Meanwhile dad is getting cabin fever immensely.  I am trying to finesse getting the keys away from him for his car.  He calls up and want to come up,  get a bottle of wine and 1/2 gallon milk (3 oz wine at bedtime with mom) and have me drive him back and then take the car.   I know he will get tossed out of lockdown if he does that.  I say stay put, I will be by toningh.  I get on my bicycle.
   Wicked head wind, 15 miles - 25 km down to him, buy wine and milk and meet him and mom at the door.  Mission accomplished. 

    You just do what you can. when you can; seize the moment when needed.   I do have a covenant via L'Arche of a life dedicated to the mentally challenged. So I will just continue to walk 2 or 4 or 8 blocks to various work sites for my vocation. 

  Not too crazy yet in rural north central Iowa. South Dakota is being idiotic with no restrictions.   Minnesota 40 km north is much more locked down.  Hopefully they can get some crops in around here.    I just might hire somebody to put on new shingles on house, dad was delaying.  Peace out. 

oren

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Re: Lessons from COVID-19
« Reply #105 on: April 03, 2020, 02:29:13 AM »
Thanks for sharing longwalks.

TerryM

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Re: Lessons from COVID-19
« Reply #106 on: April 03, 2020, 02:28:47 PM »
Best of luck LongW!
Keep us informed.



Kassey & Pmt
What I was trying to express was that the Post-Pandemic era is liable to be so bad that everything preceding the pandemic will be viewed as favorable by comparison.


GSY
Great to read your words again!
Tesla's expanding PR expenses will be gobbling up much of what might have gone to pay back some of the creditors.
If the past is any indication, Musk's lobbyists will make sure that lots of federal funding will be flowing into Elon's Enterprises. Whether the public forgives Musk's unforgivable actions is another matter.


Tesla needs customers, but Spacex and Hyperloop need little other than generous government contracts, and regulatory agencies blinded by greed.
I fear that in the years ahead Musk's government contacts will keep him in business even as Elon's public image tanks.
Terry

Neven

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Re: Lessons from COVID-19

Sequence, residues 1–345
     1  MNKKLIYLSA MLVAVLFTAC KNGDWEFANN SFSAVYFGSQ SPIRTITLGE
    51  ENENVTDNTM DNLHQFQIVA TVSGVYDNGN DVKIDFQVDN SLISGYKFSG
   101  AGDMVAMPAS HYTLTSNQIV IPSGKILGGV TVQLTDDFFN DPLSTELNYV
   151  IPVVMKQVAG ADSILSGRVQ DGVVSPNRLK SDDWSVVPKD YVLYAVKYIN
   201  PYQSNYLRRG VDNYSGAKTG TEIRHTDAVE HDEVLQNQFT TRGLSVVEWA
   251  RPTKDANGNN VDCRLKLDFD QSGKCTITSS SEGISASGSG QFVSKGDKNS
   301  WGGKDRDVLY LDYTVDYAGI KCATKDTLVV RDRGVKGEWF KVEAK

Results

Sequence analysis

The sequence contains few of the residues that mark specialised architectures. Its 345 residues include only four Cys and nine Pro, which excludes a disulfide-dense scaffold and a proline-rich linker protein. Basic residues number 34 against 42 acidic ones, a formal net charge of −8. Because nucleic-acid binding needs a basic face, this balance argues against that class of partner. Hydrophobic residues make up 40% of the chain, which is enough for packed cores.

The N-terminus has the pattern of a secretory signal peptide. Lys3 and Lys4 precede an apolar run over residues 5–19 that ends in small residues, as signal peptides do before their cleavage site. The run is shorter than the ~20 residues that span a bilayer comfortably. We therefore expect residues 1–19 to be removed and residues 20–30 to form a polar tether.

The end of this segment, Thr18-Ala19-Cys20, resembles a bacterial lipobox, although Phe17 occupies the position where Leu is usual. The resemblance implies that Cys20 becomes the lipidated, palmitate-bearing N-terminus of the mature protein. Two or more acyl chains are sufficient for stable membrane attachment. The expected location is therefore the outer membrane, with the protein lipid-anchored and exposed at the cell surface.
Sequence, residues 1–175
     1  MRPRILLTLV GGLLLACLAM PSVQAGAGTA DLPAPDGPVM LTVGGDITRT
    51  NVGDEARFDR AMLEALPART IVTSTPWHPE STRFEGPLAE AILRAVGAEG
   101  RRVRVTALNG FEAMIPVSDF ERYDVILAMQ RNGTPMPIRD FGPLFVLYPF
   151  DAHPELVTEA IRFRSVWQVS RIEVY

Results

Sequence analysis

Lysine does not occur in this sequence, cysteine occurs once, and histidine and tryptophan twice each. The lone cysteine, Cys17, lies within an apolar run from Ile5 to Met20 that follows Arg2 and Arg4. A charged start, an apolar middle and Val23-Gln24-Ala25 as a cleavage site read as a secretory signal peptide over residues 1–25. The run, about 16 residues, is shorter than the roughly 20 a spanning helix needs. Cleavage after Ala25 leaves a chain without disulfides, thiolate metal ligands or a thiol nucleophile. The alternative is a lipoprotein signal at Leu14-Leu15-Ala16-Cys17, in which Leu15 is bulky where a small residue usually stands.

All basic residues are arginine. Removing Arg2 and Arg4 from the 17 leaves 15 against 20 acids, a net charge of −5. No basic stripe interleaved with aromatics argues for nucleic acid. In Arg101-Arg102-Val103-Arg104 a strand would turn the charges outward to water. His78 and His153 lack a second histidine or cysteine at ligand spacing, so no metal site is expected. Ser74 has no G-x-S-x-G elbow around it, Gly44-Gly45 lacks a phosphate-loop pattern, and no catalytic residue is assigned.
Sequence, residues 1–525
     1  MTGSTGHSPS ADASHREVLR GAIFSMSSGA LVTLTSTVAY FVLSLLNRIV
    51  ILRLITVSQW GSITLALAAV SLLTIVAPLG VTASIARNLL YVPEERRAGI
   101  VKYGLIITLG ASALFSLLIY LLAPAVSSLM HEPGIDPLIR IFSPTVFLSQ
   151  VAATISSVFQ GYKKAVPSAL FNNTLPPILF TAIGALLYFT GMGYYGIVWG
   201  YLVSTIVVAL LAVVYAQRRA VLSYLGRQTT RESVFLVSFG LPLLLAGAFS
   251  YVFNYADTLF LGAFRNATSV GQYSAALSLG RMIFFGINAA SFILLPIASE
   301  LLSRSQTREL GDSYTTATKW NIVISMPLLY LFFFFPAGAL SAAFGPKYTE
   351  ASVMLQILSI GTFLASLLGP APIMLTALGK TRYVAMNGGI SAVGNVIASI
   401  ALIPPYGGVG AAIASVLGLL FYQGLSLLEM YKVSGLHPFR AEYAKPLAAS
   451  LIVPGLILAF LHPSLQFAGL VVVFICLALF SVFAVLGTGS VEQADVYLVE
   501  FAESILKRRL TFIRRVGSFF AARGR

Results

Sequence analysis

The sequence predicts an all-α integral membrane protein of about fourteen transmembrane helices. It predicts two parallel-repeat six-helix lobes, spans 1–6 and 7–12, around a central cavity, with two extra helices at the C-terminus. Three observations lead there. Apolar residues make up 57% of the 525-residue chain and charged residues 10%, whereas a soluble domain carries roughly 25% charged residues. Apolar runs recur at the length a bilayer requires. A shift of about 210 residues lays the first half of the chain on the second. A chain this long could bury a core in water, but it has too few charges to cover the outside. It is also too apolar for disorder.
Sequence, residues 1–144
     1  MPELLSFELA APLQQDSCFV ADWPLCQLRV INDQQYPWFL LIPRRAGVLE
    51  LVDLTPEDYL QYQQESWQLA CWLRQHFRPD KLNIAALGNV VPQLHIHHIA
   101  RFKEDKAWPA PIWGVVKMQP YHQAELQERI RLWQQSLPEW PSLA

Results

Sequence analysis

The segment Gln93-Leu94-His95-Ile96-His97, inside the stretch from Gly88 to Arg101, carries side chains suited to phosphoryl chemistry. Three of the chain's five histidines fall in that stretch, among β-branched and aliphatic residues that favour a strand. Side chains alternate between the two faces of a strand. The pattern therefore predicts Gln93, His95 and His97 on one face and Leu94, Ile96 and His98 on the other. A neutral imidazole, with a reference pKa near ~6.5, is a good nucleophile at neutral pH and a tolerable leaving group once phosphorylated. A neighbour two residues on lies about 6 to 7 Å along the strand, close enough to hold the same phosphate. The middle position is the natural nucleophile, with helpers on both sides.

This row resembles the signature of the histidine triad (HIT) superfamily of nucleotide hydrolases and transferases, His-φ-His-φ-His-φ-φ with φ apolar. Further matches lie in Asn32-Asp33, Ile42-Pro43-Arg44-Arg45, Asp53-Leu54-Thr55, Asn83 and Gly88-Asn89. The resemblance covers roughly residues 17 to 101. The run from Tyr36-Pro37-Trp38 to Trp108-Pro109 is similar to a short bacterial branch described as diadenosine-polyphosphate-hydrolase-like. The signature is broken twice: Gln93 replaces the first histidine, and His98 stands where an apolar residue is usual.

« Reply #107 on: April 03, 2020, 03:29:05 PM »
And of course, we need to move parts of humanity to other planets where there is no coronavirus.
Il faut comparer, comparer, comparer, et cultiver notre jardin

Paddy

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Re: Lessons from COVID-19
« Reply #108 on: April 03, 2020, 05:47:10 PM »
One thing that I expect will happen from this at an individual level is that a lot more people will start to maintain a store of long lasting goods that they need at home, so that they don't end up out of pasta / tinned tomatoes / toilet roll / whatever the next time there's a crisis.

I also wonder if fewer people will want to board a cruise ship, after the various plague ship occurrences we've been seeing with this.

On a medical level, it's possible we may identify some new broad-spectrum antiviral treatments.  We'll certainly be able to rule out a lot of candidates for such treatment, given the number of trials under way.  And I'd imagine the world's intensive care capacity may get a significant upgrade.

On a systematic level of how the world runs?  Many countries may be a little quicker to respond the next time a new infection shows similar behaviour.  But remember that there have been a lot of false alarms and contained situations while waiting for the next viral pandemic, and there will be a lot more to come after this... which will likely wear down responsiveness all over again, over time.

Archimid

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Re: Lessons from COVID-19
« Reply #109 on: April 06, 2020, 02:58:26 AM »
I think there is a very important lesson to be learned from the hospitalization of Boris Johnson. Given his age and disposition, he probably has a better than 90% of making it out with nothing but minor permanent loss of lung function. However, let's say the low probability event happens. What impact would such a loss have on world politics?